Betty(s) and Barbara(s): heroines of the ’70s, reading romance, nostalgia, and feminism

I just finished reading a romance novel from 1973 that made me nostalgic even as my eyes were rolling back in my head. This nostalgia is sort of fluid and rippling around several different stones in the river of my recent – and not-so-recent – reading. Apologies in advance for what I know is going to be a rambling and impressionistic post.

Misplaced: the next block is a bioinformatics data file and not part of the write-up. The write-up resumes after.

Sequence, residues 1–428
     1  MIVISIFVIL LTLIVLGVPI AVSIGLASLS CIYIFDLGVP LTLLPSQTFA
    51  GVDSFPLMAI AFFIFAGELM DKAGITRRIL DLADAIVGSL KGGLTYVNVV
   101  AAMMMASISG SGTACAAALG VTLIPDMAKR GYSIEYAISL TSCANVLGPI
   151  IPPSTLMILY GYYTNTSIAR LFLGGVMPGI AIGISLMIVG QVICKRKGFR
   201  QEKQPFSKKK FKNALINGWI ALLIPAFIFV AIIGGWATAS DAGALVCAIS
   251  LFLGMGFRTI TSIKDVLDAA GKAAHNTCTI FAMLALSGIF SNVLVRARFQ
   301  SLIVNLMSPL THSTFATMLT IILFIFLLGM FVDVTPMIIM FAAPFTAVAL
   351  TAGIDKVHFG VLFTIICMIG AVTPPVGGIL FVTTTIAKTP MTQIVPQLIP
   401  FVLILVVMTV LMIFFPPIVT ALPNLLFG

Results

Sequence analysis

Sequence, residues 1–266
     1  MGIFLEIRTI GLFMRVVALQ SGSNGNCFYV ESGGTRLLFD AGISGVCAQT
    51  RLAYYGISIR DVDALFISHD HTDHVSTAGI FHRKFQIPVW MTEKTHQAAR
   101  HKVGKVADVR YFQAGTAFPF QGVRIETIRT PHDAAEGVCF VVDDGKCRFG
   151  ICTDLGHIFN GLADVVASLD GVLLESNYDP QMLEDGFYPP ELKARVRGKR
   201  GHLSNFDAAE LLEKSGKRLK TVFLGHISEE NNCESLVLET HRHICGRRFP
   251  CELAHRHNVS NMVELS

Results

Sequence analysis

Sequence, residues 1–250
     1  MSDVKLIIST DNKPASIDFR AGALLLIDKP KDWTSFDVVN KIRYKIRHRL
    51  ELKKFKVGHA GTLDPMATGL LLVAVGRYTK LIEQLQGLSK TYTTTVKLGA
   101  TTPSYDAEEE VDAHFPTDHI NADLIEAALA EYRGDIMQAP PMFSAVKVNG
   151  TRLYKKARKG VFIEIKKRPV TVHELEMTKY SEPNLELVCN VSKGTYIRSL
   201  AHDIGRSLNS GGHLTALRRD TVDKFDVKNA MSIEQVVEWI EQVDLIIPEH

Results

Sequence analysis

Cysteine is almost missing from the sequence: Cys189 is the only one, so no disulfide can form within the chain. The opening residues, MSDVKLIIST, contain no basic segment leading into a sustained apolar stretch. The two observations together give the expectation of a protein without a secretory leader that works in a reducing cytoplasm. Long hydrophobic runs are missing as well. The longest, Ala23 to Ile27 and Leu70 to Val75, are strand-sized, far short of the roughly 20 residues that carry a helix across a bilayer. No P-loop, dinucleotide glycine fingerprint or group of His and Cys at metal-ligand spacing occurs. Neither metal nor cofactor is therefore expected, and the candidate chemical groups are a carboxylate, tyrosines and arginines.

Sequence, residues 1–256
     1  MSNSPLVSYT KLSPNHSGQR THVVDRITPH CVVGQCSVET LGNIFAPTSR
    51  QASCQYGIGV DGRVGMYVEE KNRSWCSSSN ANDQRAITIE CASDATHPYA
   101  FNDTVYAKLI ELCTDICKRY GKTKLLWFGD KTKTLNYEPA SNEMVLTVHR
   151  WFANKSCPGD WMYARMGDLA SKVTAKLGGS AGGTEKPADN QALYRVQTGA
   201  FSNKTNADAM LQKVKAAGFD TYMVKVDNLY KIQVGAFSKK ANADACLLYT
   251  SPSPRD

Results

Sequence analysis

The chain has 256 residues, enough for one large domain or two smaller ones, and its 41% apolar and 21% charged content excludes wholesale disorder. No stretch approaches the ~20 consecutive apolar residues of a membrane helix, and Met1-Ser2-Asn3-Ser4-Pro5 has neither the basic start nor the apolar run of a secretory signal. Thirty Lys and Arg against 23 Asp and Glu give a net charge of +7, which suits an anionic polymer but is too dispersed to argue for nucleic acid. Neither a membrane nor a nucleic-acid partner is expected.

In 1973 I turned 10, which is the age my daughters are now (yes, twins). They have Harry Potter and The Hunger Games. At 10, I was still deep in Oz books and Andrew Lang’s Fairy Tales. I was about two years away from reading my first category romance novels, but by 8th grade my reading log was brimming with Barbara Cartland titles.  There wasn’t nearly as much YA romance then as there is now. I loved Patricia Beatty’s YA historicals, and she sometimes introduced an age-appropriate romantic figure for her spunky heroines. Here is perhaps my favorite book from 1973. But barely two years later I read both Gone With the Wind and Jane Eyre during the summer before 8th grade, and the die was pretty much cast: leaving aside questions of comparative literary merit between these two iconic novels, I was looking for romantic tension, Eyre-ish happy endings, and historical settings. I read my way steadily through Victoria Holt/Jean Plaidy, along with Anya Seton and Norah Lofts. And in the ’70s I read hundreds of category romances.